| August 26, 2016 | Lifestyle
Writer Ali Margo ascends the stairs of the Aspen Art Museum to discover town’s finest work of art: nature.
En plein art: As front-row seating beneath the mountains, the rooftop deck of the Aspen Art Museum bridges the gap between some of the world’s greatest art and Aspen’s sublime scenery.
When the Aspen Art Museum was built, in 2014, I was an outspoken critic. I called it “glaringly conspicuous” in my Aspen Times column, and compared the building’s exterior to “a fish tank in an Easter basket.” I wrote, “I’m a little confused as to how anyone in their right mind would think this building is attractive or appropriate for a Colorado mountain town.” Then, one day I went to see the art museum for myself.
As soon as I stepped foot in the Shigeru Ban-designed museum, the stark beauty of the space was disorienting, like waking up in a strange place unable to remember where you are. Seeing it from the inside out, the building’s design suddenly made perfect sense: The confluence of geometric shapes rolled and crashed into one another like the rapids of the Roaring Fork River during spring runoff. I noticed how the museum played with natural light, altering my perception in startling ways, akin to early evening alpine-glow that transforms the surrounding peaks. I began on the bottom floor and worked my way up (the way the docent at the front door had instructed me to do), an intentional analogy for ascending the mountain.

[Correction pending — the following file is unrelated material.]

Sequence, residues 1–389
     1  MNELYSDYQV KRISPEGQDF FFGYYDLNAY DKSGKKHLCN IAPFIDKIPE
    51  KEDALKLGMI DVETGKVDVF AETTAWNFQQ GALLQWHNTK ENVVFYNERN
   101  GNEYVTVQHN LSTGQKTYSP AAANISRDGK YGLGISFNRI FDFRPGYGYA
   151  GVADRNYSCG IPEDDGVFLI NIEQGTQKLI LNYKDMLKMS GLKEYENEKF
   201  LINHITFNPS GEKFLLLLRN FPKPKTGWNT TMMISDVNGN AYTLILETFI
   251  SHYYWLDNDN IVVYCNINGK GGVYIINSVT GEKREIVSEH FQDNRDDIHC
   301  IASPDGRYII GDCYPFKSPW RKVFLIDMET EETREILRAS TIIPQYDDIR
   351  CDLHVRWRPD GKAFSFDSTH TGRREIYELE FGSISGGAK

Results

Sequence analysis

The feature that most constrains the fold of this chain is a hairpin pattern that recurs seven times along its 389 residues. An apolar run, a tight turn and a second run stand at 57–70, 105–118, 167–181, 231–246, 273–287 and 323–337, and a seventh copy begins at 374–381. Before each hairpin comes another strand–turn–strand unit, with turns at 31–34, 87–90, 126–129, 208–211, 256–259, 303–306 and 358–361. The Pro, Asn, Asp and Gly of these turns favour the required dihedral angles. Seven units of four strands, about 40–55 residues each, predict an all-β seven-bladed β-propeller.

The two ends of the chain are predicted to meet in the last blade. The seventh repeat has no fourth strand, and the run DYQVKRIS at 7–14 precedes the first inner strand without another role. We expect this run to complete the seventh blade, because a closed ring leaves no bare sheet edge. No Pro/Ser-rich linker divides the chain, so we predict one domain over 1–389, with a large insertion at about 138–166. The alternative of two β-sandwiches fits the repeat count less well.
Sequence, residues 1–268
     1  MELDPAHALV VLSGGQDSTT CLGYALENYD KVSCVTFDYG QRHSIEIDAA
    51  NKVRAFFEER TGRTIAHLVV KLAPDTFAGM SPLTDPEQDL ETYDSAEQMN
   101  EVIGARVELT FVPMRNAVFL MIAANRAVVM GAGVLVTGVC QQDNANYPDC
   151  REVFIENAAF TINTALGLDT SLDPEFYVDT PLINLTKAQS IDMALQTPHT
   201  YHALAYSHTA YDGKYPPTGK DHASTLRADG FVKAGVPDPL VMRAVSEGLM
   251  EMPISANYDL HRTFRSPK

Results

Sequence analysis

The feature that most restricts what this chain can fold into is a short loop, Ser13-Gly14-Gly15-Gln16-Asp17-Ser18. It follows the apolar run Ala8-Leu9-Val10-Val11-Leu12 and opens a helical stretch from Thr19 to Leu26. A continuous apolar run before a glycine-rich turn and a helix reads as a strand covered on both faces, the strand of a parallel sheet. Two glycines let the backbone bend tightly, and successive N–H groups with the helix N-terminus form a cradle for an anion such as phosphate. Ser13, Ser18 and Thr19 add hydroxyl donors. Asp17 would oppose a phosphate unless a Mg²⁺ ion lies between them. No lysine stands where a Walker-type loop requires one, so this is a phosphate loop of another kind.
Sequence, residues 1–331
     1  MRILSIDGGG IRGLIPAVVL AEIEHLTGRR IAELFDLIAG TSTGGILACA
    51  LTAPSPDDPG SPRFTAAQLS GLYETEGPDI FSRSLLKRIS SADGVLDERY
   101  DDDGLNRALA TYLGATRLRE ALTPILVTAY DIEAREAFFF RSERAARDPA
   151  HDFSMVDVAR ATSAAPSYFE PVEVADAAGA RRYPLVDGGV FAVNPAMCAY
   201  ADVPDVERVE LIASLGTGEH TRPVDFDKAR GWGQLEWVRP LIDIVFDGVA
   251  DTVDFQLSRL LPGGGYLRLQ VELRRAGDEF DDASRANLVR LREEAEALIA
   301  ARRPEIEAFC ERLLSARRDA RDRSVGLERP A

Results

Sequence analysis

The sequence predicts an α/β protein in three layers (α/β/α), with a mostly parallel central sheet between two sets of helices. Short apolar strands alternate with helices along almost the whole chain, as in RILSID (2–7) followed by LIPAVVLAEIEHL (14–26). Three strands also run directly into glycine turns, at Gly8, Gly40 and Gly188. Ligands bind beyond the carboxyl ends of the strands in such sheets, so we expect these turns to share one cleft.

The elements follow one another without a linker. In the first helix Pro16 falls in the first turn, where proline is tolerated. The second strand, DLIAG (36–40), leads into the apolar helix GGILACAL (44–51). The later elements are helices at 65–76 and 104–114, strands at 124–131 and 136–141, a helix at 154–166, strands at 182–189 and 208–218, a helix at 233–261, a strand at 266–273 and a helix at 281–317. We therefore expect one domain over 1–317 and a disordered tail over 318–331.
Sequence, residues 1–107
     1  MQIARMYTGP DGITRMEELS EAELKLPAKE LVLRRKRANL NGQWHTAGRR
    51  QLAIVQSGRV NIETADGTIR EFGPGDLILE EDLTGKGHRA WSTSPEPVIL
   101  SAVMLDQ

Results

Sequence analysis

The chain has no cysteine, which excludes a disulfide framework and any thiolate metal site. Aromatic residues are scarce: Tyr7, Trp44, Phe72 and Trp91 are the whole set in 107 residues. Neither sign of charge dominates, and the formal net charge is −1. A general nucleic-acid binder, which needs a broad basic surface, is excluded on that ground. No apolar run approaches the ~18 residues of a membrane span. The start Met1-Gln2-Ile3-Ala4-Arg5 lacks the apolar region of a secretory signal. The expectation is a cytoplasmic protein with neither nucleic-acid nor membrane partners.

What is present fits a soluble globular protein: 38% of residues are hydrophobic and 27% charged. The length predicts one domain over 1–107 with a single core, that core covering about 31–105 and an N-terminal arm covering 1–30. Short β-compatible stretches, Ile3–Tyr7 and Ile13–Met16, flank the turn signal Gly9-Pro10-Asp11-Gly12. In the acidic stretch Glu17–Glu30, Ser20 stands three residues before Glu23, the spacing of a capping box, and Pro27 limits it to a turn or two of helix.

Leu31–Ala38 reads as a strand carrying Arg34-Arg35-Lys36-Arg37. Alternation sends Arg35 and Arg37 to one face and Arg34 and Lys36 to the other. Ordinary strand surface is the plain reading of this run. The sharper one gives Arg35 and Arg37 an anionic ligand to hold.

When I reached the summit—the top floor with its rooftop café, SO—and its front-and center view of Aspen Mountain, I gained the same feeling of clarity I get when I summit a local peak. Art is supposed to challenge you. It’s meant to take you out of your comfort zone. It’s supposed to give you a new view- point, stretch your current perceptions of the world, and, most importantly, yourself. When I looked up and saw Aspen Mountain, I had the oddest sense of déjà vu. The mountain, with its raw beauty and unforgiving presence, does exactly the same thing.
The unfamiliar is oddly familiar. Art is life.
Photography by Tamara Susa